LAS VEGAS — It's not the self-driving cars, flying cars or even the dish-washing robots that stick out as the most transformative innovation at this year's Consumer Electronics Show: It's the wearable gadgets that can read your mind.
There's a growing category of companies focused on the "Brain-Computer Interface." These devices can record brain signals from sensors on the scalp (or even devices implanted within the brain) and translate them into digital signals. This industry is expected to reach $1.5 billion this year, with the technology used for everything from education and prosthetics, to gaming and smart home control.
This isn't science fiction. I tried a couple of wearables that track brain activity at CES this week, and was surprised to find they really work. NextMind has a headset that measures activity in your visual cortex with a sensor on the back of your head. It translates the user's decision of where to focus his or her eyes into digital commands.
"You don't see with your eyes, your eyes are just a medium," Next Mind CEO Sid Kouider said. "Your vision is in your brain, and we analyze your vision in your brain and we can know what you want to act upon and then we can modify that to basically create a command."
Kouider said that this is the first time there's been a brain-computer interface outside the lab, and the first time you can theoretically control any device by focusing your thoughts on them.
Wearing a Next Mind headset, I could change the color of a lamp — red, blue and green — by focusing on boxes lit up with those colors. The headset also replaced a remote control. Staring at a TV screen, I could activate a menu by focusing on a triangle in a corner of the screen. From there, focusing my eyes, I could change the channel, mute or pause video, just by focusing on a triangle next to each command.
"We have several use cases, but we are also targeting entertainment and gaming because that's where this technology is going to have its best use," Kouider said. "The experience of playing or applying it on VR for instance or augmented reality is going to create some new experiences of acting on a virtual world."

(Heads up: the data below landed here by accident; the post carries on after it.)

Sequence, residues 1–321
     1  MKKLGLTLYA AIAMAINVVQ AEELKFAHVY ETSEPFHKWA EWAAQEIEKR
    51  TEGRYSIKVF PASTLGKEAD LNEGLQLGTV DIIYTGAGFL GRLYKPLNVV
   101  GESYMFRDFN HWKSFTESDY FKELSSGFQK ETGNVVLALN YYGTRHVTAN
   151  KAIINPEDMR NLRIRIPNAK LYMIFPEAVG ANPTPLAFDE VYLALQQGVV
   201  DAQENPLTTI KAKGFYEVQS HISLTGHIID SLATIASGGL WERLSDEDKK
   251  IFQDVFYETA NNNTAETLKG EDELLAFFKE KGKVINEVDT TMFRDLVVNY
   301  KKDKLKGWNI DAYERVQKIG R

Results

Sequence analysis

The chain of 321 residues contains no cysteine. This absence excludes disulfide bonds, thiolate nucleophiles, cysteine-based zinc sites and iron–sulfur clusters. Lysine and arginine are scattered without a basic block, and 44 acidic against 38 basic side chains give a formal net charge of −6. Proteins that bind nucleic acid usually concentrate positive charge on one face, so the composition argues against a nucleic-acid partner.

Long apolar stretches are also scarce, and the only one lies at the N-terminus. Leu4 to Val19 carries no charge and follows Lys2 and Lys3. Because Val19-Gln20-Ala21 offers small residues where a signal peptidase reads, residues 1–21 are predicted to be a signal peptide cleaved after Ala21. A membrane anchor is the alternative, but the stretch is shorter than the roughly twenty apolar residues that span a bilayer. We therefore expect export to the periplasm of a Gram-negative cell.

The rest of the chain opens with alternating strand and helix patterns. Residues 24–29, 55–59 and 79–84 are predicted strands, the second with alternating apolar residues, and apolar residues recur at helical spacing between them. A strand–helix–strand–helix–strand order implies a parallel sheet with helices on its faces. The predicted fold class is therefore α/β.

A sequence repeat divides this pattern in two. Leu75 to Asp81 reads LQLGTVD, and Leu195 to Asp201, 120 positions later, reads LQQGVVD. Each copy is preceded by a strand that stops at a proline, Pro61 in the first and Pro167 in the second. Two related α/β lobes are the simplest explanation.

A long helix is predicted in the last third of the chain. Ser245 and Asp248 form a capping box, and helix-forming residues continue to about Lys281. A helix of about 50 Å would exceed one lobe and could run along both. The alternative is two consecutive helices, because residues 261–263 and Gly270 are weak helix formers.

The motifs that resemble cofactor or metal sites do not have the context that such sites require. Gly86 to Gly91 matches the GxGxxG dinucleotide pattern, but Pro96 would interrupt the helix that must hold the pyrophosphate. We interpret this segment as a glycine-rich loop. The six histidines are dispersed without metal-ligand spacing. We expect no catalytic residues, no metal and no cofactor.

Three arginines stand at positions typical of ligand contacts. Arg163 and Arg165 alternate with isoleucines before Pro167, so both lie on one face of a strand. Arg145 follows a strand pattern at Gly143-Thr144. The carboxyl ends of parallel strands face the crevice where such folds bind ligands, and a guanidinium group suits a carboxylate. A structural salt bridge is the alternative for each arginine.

Next Mind's technology isn't available to consumers yet, but the company is selling a $399 developer kit with the hope that other companies to create new applications.
"I think it's going to still take some time until we nail … the right use case," Kouider said. "That's the reason we are developing this technology, to have people use the platform and develop their own use cases."
Another company focused on the brain-computer interface, BrainCo, has the FocusOne headband, with sensors on the forehead measuring the activity in your frontal cortex. The "wearable brainwave visualizer" is designed to measure focus, and its creators want it to be used in schools.
"FocusOne is detecting the subtle electrical signals that your brain is producing," BrainCo President Max Newlon said. "When those electrical signals make their way to your scalp, our sensor picks them up, takes a look at them and determines, 'Does it look like your brain is in a state of engagement? Or does it look like your brain is in a state of relaxation?'"
Wearing the headband, I tried a video game with a rocket ship. The harder I focused, the faster the rocket ship moved, increasing my score. I then tried to get the rocket ship to slow down by relaxing my mind. A light on the front of the headband turns red when your brain is intensely focused, yellow if you're in a relaxed state and blue if you're in a meditative state. The headbands are designed to help kids learn to focus their minds, and to enable teachers to understand when kids are zoning out. The headband costs $350 for schools and $500 for consumers. The headset comes with software and games to help users understand how to focus and meditate.
BrainCo also has a prosthetic arm coming to market later this year, which will cost $10,000 to $15,000, less than half the cost of an average prosthetic. BrainCo's prosthetic detects muscle signals and feeds them through an algorithm that can help it operate better over time, Newlon said.
"The thing that sets this prosthetic apart, is after enough training, [a user] can control individual fingers and it doesn't only rely on predetermined gestures. It's actually like a free-play mode where the algorithm can learn from him, and he can control his hands just like we do," Newlon said.